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Money (magazine)

Money is a personal finance brand and website owned by Ad Practitioners LLC and also a monthly magazine, first published by Time Inc. and by Meredith Corporation. Its articles cover the gamut of personal finance topics ranging from investing, saving and taxes to family finance issues like paying for college, credit and home improvement, it is well known for its annual list of "America's Best Places to Live". As of October 2019, the website draws 4 million unique visitors each month; the first issue of Money magazine was published in October 1972 by Time Inc. The magazine, along with Fortune, was a partner with sister cable network CNN in CNNMoney.com, an arrangement made after the discontinuation of the CNNfn business news channel in 2005. In 2014, following the spin-off of Time Inc. from its and CNN's parent Time Warner, Money launched its own website, Money.com. The magazine was put up for sale after Meredith Corporation completed its acquisition of Time Inc. at the beginning of 2018. After failing to find a buyer, Meredith in April 2019 announced that it would cease Money's print publication, but would invest in the brand's digital component, Money.com.

Money published its last print issue in June 2019. The printed magazine’s remaining 400,000 or so subscribers were transferred to Kiplinger's Personal Finance magazine. In October 2019, Meredith Corporation sold the Money brand and website to Ad Practitioners LLC, a media and advertising company based in Puerto Rico that runs the product review website ConsumersAdvocate.org. Terms for the deal were not disclosed and at the time of the announcement it was unclear what will happen to the website's staff. Ad Practitioners LLC does not have plans to relaunch a print version of Money. Official website

2001 NLL season

The 2001 National Lacrosse League season is the 15th season in the NLL that began on December 21, 2000 and concluded with the championship game on April 27, 2001. The Philadelphia Wings won their 6th NLL championship. Philadelphia had now won twice as many championships as any other team in NLL history; the Championship game was one of only two games the Rock lost at home during the 2001 season, ended Toronto's bid for an unprecedented third straight Championship. The NLL expanded its schedule from 12 games to 14 during this season; the lowest-scoring game in NLL history happened during the 2001 season, as the Toronto Rock and Albany Attack combined for only 11 goals in a 7-4 Toronto win at the Air Canada Centre. For the 2001 season, one expansion team was added to the Columbus Landsharks. In addition, the Syracuse Smash ended a dismal existence in Syracuse, moving to Ottawa, Ontario to become the Rebel; the Rebel would finish in the basement three straight years as well. The Pittsburgh CrosseFire the Baltimore Thunder, moved again, this time to Washington, becoming the Washington Power.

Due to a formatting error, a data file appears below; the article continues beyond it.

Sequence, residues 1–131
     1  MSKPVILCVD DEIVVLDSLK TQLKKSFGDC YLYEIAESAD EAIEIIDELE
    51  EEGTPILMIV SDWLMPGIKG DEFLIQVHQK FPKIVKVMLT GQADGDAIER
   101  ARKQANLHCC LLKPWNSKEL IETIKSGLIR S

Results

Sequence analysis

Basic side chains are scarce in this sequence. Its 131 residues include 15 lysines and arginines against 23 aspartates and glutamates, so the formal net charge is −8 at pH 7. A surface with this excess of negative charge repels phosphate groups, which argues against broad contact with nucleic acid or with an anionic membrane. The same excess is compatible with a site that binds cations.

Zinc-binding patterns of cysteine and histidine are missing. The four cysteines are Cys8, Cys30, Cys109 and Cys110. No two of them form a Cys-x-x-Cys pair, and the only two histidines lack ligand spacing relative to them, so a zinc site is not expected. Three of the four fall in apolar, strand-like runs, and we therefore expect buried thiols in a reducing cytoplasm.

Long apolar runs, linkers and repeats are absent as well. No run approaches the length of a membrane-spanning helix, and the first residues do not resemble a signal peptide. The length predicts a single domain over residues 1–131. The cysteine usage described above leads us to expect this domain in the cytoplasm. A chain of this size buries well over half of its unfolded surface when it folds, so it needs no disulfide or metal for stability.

In addition, the Toronto Rock moved from the aging Maple Leaf Gardens to the Air Canada Centre for the 2001 season. The first Rock game at the ACC was a 17-7 Toronto win over the Ottawa Rebel on the opening night of the season, December 21, 2000. Reference: x: Clinched playoff berth; each week, a player is awarded "Player of the Week" honours. Awards are given out monthly for the best overall player and best rookie. Bold numbers indicate new single-season records. Italics indicate tied single-season records. 2001 in sports 2001 Archive at the Outsider's Guide to the NLL

Otto Esswein

Offizierstellvertreter Otto Esswein was a German World War I flying ace credited with twelve aerial victories. Otto Esswein was born in Waiblingen, in the Kingdom of Württemberg within the German Empire, on 3 March 1890. Details of Esswein's entry into military service are not available. However, Esswein transferred from ground service to aviation in mid-1915. On 30 October 1917, he was assigned to Jagdstaffel 26, he scored his first victory. He was slightly wounded in the right eye on 27 November; when he returned to the squadron in early 1918, a new Fokker Dr. I triplane awaited him, he used it to shoot down another Camel on 2 February, three more the next day, two more British fighters on the 5th, one of, the Royal Aircraft Factory SE-5 of No. 84 Squadron RFC's Lt. Cyril Ball, brother of English ace Albert Ball. By 26 March 1918, he was a double ace with ten victories. On 31 May, he increased his tally to a dozen with his two last victories, he was awarded the Military Merit Cross on 3 June 1918 to join his Iron Crosses, awarded his home kingdom's Military Merit Order.

On 16 July, in one of the pioneer usages of a parachute, he bailed out of his burning plane after being shot down attacking a balloon. Five days he was unable to repeat the feat and was killed in action in another flaming aircraft over Hartennes-et-Taux, France. Franks, Norman. Above the Lines: The Aces and Fighter Units of the German Air Service, Naval Air Service and Flanders Marine Corps, 1914–1918. Grub Street. ISBN 0-948817-73-9, ISBN 978-0-948817-73-1